Project description:BACKGROUND:Content knowledge surrounding transgender (trans) medicine is currently lacking in the formal medical education curricula. Evidence indicates that the main protocols used to assess and refer trans patients for gender-affirming medicine are misunderstood by health professionals, and require flexible adaptation to achieve health equity and patient-centred care. APPROACH:A free online educational tool for gender-affirming medicine, The Path to Patient-Centred Care, was developed to teach learners how to adapt assessment protocols. Resource creation was supported by a knowledge translation grant that endorsed design thinking, a human-centred and solutions-focused framework recommended for use in curriculum development. EVALUATION:The Path to Patient-Centred Care provides learners with information related to key principles of patient-centred care in gender-affirming medicine, including a guide on how to adapt the main assessment protocols to achieve equitable care. The curriculum also includes narratives from trans patients and health professionals that focus on health equity, and a clinical vignette about a complex case, designed to foster critical thinking on medical ethics. Project future directions involve an implementation and evaluation pilot study with a diverse group of continuing professional development medical learners using a mixed-methods program evaluation design. REFLECTION:The use of design thinking to develop this resource exemplifies a novel approach to curriculum development. By using pedagogical strategies that foster critical reflection, this innovative online education tool strives to teach self-directed learners how to provide care that emphasizes trans people's self-determination and autonomy in medical decision-making.
Project description:This study explored the impact of an oncology palliative care clinical experience with older adults on social work learners. A three-member research team conducted a qualitative content analysis of reflective writings. 27 Master of Science in Social Work students enrolled in an interprofessional palliative oncology curriculum and completed a reflective writing assignment to summarize the clinical scenario, analyze the patient/family care provided, and describe the impact of the experience. Using a constant comparison approach based on grounded theory, the research team analyzed the reflections to come to consensus related to the overall impact of the experience. Two overarching themes (professional and personal impact) and 11 subthemes (appreciation of interdisciplinary teams, recognition of clinical skills of other disciplines, insight into clinical skills of the social worker, perception of palliative care, embracing palliative care principles, centrality of communication, importance of social support, family as the unit of care, countertransference, conflict between personal values and patient/family values, and emotional reactions) were identified. Experiential learning opportunities for social work learners in interprofessional palliative care build appreciation for and skills in applying palliative care principles including teamwork, symptom control, and advanced care planning along with a commitment to embrace these principles in future practice.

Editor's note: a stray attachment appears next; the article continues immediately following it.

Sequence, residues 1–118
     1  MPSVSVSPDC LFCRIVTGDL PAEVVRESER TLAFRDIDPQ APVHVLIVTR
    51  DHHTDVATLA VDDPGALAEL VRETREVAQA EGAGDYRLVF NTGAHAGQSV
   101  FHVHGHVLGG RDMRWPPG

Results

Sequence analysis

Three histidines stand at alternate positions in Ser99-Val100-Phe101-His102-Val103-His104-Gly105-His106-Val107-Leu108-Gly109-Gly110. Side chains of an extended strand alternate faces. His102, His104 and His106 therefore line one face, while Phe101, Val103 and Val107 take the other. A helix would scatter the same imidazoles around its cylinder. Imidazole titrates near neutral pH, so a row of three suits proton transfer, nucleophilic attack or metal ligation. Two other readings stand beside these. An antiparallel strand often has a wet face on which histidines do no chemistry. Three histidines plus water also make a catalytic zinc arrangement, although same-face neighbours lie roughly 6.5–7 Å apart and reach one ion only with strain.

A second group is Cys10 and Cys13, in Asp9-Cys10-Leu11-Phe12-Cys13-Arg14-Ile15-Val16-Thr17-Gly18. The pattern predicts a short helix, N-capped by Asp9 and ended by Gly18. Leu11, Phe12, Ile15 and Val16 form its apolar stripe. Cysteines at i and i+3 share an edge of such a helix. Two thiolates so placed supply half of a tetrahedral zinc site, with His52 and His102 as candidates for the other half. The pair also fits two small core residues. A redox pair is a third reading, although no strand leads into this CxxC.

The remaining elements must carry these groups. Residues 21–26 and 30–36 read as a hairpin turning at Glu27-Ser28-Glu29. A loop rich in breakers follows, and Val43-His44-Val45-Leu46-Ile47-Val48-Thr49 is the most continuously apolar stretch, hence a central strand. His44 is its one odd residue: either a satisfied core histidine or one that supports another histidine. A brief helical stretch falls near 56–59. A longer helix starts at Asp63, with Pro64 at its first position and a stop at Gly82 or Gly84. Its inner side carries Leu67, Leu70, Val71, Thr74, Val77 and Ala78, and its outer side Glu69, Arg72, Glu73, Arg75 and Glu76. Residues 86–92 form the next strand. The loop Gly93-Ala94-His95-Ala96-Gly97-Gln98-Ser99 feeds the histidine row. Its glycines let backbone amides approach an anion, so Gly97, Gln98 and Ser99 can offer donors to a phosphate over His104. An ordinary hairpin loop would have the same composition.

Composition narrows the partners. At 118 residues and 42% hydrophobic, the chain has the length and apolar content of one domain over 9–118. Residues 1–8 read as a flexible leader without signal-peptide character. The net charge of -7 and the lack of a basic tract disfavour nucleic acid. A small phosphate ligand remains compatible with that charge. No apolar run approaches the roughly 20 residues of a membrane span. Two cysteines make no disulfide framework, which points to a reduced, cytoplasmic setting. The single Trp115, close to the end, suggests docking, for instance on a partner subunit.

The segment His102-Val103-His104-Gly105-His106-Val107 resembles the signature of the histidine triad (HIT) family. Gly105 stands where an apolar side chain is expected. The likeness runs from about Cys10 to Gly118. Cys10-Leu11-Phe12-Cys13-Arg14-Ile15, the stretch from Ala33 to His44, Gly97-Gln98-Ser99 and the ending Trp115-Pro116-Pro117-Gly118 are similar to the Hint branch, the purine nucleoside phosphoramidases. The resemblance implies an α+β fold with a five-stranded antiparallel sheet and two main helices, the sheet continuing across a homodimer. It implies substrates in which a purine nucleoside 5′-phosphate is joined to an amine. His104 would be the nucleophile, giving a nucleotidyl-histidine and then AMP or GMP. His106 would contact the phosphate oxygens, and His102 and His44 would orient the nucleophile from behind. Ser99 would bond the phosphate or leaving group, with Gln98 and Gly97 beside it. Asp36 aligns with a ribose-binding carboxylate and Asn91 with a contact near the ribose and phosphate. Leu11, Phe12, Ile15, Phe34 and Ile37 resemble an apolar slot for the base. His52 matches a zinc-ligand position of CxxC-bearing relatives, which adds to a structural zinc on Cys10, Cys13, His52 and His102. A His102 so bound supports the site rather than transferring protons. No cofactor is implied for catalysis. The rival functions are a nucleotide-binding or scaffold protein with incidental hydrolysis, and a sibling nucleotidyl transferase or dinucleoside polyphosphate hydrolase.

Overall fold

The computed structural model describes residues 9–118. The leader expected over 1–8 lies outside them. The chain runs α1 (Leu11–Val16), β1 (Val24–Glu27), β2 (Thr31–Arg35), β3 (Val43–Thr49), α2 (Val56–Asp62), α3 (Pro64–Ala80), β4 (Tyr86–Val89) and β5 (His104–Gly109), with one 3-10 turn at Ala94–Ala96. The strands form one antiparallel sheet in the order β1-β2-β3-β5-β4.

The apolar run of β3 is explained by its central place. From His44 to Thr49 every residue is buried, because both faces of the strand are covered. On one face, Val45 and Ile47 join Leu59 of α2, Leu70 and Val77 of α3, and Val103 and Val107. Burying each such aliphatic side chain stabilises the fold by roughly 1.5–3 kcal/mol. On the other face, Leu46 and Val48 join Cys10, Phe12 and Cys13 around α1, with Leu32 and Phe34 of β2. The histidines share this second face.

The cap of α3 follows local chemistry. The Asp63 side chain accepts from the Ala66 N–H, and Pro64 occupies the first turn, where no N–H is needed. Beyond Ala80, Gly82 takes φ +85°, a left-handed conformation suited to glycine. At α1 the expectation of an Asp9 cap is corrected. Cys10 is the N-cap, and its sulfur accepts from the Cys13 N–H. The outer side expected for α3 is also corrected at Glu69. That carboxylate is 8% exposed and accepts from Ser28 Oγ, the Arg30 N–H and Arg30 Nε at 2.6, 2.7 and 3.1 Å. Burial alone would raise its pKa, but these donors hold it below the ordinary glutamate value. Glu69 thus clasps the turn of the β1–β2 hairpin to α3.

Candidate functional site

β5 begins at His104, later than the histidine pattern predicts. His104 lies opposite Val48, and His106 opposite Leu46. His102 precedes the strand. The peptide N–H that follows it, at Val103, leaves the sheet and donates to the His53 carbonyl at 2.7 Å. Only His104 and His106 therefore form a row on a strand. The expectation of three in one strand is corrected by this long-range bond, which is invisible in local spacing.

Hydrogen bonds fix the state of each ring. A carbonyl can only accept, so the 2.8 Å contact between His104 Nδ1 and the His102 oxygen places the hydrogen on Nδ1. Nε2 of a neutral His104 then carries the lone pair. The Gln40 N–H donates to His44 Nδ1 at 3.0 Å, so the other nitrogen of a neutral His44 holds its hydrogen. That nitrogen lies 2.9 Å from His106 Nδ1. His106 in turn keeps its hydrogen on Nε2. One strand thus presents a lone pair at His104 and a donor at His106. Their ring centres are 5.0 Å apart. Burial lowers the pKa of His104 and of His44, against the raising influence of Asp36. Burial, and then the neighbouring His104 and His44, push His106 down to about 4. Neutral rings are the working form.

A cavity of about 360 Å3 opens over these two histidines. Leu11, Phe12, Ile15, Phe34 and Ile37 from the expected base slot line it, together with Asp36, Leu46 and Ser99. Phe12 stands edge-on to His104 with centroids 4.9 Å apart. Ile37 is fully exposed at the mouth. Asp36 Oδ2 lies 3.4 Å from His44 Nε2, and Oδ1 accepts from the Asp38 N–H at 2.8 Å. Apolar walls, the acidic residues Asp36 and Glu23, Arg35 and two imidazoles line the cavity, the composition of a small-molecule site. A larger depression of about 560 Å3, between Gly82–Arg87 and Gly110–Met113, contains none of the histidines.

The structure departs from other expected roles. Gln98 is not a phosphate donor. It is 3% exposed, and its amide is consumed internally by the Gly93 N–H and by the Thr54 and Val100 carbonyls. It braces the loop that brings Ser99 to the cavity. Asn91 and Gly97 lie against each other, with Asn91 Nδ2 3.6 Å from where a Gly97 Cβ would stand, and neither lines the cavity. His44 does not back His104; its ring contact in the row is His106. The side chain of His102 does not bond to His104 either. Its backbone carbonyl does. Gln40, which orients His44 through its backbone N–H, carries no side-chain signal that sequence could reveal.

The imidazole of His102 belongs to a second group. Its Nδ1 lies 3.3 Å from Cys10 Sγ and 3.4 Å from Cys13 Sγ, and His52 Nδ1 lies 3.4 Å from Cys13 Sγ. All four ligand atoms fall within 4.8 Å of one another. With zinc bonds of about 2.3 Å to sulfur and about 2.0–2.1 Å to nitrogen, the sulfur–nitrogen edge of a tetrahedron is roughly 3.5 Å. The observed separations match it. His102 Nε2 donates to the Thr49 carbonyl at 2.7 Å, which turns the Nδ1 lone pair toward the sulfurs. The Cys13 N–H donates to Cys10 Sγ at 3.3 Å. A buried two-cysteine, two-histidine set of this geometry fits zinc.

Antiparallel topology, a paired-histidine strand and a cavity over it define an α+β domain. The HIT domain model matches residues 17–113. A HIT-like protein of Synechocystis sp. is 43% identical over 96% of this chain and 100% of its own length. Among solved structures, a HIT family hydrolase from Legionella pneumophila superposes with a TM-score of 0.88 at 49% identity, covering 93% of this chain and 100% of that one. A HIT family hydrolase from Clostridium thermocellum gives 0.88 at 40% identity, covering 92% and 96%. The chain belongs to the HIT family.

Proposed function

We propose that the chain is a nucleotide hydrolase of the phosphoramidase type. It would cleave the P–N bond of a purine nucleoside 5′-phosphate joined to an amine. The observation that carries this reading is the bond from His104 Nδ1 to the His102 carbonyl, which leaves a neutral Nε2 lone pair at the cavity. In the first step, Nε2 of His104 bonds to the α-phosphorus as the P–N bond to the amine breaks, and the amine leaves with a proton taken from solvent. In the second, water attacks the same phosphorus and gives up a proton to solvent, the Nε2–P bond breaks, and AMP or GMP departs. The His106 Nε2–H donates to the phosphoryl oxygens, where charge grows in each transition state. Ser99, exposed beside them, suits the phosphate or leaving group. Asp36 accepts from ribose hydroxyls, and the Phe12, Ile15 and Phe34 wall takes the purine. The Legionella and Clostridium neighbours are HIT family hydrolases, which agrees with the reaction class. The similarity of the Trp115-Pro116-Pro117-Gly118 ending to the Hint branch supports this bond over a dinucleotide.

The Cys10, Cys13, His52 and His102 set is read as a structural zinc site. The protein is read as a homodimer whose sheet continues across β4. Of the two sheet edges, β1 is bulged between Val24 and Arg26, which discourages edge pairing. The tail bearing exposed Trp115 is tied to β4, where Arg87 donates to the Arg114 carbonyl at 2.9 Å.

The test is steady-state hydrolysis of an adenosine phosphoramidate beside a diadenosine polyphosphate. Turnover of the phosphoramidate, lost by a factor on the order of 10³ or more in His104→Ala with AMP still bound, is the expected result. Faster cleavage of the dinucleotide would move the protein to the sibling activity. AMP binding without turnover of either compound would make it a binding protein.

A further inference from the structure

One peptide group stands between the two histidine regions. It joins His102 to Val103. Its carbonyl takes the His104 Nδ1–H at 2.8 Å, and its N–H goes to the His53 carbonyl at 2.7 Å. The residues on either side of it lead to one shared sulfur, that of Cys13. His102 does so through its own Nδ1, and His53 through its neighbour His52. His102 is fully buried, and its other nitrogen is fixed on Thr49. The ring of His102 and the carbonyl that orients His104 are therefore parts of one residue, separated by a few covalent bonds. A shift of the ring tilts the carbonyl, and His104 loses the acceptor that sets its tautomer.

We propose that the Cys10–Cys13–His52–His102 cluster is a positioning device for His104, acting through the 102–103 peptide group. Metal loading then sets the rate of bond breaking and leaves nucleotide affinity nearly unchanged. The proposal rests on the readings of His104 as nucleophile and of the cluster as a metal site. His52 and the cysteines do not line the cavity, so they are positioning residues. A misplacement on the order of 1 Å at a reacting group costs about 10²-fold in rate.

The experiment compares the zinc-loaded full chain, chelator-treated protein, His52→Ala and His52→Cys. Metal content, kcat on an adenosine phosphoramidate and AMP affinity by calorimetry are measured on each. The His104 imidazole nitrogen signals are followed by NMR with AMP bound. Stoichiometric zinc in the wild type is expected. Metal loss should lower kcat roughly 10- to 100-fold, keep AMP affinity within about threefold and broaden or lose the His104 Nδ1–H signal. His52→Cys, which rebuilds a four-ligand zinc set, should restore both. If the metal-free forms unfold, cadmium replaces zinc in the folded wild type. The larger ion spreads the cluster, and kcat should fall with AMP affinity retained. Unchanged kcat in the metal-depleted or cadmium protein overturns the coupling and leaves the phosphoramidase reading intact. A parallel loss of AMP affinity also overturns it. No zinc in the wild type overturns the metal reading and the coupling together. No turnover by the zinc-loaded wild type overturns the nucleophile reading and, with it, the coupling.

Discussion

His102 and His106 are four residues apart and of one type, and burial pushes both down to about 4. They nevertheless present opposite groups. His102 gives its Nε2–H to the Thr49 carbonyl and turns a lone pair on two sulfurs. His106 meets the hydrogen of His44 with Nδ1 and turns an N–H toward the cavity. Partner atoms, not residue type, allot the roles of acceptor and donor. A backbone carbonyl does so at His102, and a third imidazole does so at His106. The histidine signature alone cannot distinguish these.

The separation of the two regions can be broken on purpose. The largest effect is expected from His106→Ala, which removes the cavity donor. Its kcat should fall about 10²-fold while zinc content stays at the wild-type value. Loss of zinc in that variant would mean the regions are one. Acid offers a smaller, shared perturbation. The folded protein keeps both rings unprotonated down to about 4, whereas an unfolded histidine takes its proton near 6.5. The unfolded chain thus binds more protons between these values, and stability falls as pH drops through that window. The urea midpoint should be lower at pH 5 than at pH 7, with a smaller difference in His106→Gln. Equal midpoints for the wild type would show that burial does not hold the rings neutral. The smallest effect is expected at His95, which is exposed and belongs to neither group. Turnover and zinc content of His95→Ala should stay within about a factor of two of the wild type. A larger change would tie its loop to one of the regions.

Project description:Introduction:Limited English proficiency (LEP) patients face multiple care barriers and disproportionate risks for communication errors. Working with trained interpreters as a health care team can improve communication and drive high-quality care for LEP patients. Simulation and interprofessional education provide key strategies to address the critical training gap that exists at the intersection of patient safety, interprofessional practice, and cultural competence. Methods:Using action research principles across 16 months, we created a 3.5-hour simulation-based training for oral health and interpreting learners. The curriculum included profession-specific orientations with didactic and experiential content, three immersive simulations using start-stop-rewind methodology, virtual scenarios, and summary reflection discussions. A comprehensive tool kit facilitated curriculum implementation and standardization. Results:Forty-nine students from dentistry (first- through third-year predoctoral), dental hygiene, and dental therapy participated in this elective training during the 2017-2018 academic year; as required training, 126 third-year dental students participated in fall 2018. Students' familiarity with provider and interpreter best practices, appreciation of challenges faced by LEP patients, and confidence in skills working with spoken language interpreters increased. For all evaluation parameters, pre- and postsurvey ratings were statistically significant (chi-square tests, p < .001). Discussion:The curriculum efficiently and effectively develops oral health and interpreting learners' abilities to work as a team with LEP patients. Curriculum design and resources address key barriers to feasibility and sustainability. The curriculum informs communication across all patient populations, revealing that getting by with partial understanding can be insufficient for any patient and any health care team.